Debugging CLR database objects

One significant feature found in the integration of .NET Framework, Visual Studio 2005, and SQL Server 2005 is the ability to debug the CLR database objects that you create. Find out more in this chapter excerpt.

One of the coolest features found in the integration of the .NET Framework, Visual Studio 2005, and SQL Server...

2005 is the ability to debug the CLR database objects that you create. This tight level of integration sets SQL Server way ahead of competing database products like Oracle and DB2 that offer the ability to create stored procedures and functions using .NET code. While the other database products provide for the creation of these objects, they do not support the ability to provide integrated debugging. Visual Studio 2005 enables you to set breakpoints in your CLR database objects and then seamlessly step through your code and perform all of the debugging tasks that you would expects for a standard Windows or Web application, including the ability to set breakpoints, single-step through the code, inspect and change variables, and create watches—even between T-SQL and CLR code. Visual Studio 2005 automatically generates test scripts that are added to your projects. You can customize and use these test scripts to execute the CLR database objects that you create.

To debug a SQL Server project using Visual Studio 2005, first open the project that you want to debug and then go to the Servers window and right-click the database connection. From the pop-up menu select the option Allow SQL/CLR Debugging as is shown in Figure 3-13.

Figure 3-13
Figure 3-13: Setting the Allow SQL/CLR Debugging option

Next, set up the script that you want to use to run the database object. Using the Solution window, open the Test Scripts folder and then the Test.sql file. You can set up multiple test scripts, but the Test.sql script is provided by default. If you want to change the script that Visual Studio 2005 uses to run the CLR database object, you simply right-click the desired script listed under the Test Scripts folder and select the Set As Default Debug Script option as is shown in Figure 3-14.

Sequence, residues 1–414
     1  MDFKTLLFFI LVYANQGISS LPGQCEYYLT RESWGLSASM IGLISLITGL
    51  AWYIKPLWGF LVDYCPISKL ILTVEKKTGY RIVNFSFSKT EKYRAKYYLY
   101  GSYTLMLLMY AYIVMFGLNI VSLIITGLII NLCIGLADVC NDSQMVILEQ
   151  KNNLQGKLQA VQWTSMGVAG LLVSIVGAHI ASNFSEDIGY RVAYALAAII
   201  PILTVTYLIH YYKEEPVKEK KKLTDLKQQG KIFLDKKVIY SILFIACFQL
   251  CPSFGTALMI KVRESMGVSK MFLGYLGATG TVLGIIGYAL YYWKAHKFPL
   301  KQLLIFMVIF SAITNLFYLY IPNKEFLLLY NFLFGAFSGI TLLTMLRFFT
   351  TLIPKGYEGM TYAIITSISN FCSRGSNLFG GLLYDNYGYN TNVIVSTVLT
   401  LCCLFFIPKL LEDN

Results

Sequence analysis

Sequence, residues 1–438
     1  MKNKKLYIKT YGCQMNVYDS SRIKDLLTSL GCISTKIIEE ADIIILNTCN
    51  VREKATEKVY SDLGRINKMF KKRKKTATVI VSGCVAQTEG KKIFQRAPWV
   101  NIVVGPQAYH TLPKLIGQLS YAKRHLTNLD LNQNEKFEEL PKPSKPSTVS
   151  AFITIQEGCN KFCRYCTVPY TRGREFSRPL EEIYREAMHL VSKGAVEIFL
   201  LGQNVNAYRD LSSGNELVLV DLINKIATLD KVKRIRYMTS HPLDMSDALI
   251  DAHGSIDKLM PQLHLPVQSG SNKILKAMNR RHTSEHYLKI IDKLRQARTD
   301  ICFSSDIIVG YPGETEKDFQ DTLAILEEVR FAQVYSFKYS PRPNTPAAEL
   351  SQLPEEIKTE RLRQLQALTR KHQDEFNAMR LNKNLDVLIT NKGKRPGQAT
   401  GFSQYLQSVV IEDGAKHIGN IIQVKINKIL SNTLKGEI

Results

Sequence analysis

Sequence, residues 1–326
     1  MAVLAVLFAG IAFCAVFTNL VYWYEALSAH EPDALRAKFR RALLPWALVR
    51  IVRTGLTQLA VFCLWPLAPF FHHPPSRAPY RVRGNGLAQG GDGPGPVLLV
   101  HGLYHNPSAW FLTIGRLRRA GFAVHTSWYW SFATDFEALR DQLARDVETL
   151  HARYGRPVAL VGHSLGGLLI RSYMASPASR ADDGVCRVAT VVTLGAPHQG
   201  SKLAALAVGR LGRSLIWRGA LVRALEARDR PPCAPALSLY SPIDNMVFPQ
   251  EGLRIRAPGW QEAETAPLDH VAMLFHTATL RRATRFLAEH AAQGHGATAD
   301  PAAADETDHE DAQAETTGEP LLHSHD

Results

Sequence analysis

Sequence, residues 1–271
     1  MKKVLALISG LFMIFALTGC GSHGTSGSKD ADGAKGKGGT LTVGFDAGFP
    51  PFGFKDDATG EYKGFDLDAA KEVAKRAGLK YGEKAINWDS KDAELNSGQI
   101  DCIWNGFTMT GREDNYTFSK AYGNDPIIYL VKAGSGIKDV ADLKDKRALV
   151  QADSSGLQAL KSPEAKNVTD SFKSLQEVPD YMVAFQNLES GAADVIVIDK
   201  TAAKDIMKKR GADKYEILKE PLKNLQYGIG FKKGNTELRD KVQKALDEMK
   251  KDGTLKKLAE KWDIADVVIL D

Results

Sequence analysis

Figure 3-14
Figure 3-14: Setting the default debug script

To use the default Test.sql script, open the file using the Visual Studio editor. Here you can see T-SQL boilerplate code for testing each of the different CLR database object types. Go to the section that you want and edit the code to execute the database object. You can see the test code for the usp_ImportFile stored procedure in the following listing:

-- Examples for queries that exercise different SQL objects
  -- implemented by this assembly
-- Stored procedure
declare @MyColumn varchar(30)
exec usp_ImportFile 'c:temptestfile.txt',@MyColumn
Select @MyColumn

When the test script is ready to go, use Visual Studio's Debug | Start option or simply press F5 to launch the Test.sql that will execute your CLR database object. You can see an example of using the Visual Studio 2005 debugger to step through a SQL Server project in Figure 3-15.

Figure 3-15
Figure 3-15: Debugging Visual Studio 2005 SQL Server projects

At this point you can step through the code, set new breakpoints, and change and inspect variables.

The previous tip is from "Developing CLR database objects: 10 tips in 10 minutes," excerpted from Chapter 3 of the book "Microsoft SQL Server 2005: A Developer's Guide" written by Michael Otey and Denielle Otey, courtesy of McGraw-Hill Publishing.

Developing CLR database objects

 Home: Introduction
 Tip 1: CLR architecture
 Tip 2: CLR assemblies in SQL Server 2005
 Tip 3: Creating CLR database objects
 Tip 4: CLR stored procedures
 Tip 5: User-Defined Functions
 Tip 6: CLR triggers
 Tip 7: User-Defined Types
 Tip 8: CLR aggregates
 Tip 9: Debugging CLR database objects
 Tip 10: .NET database object security
This was last published in May 2007

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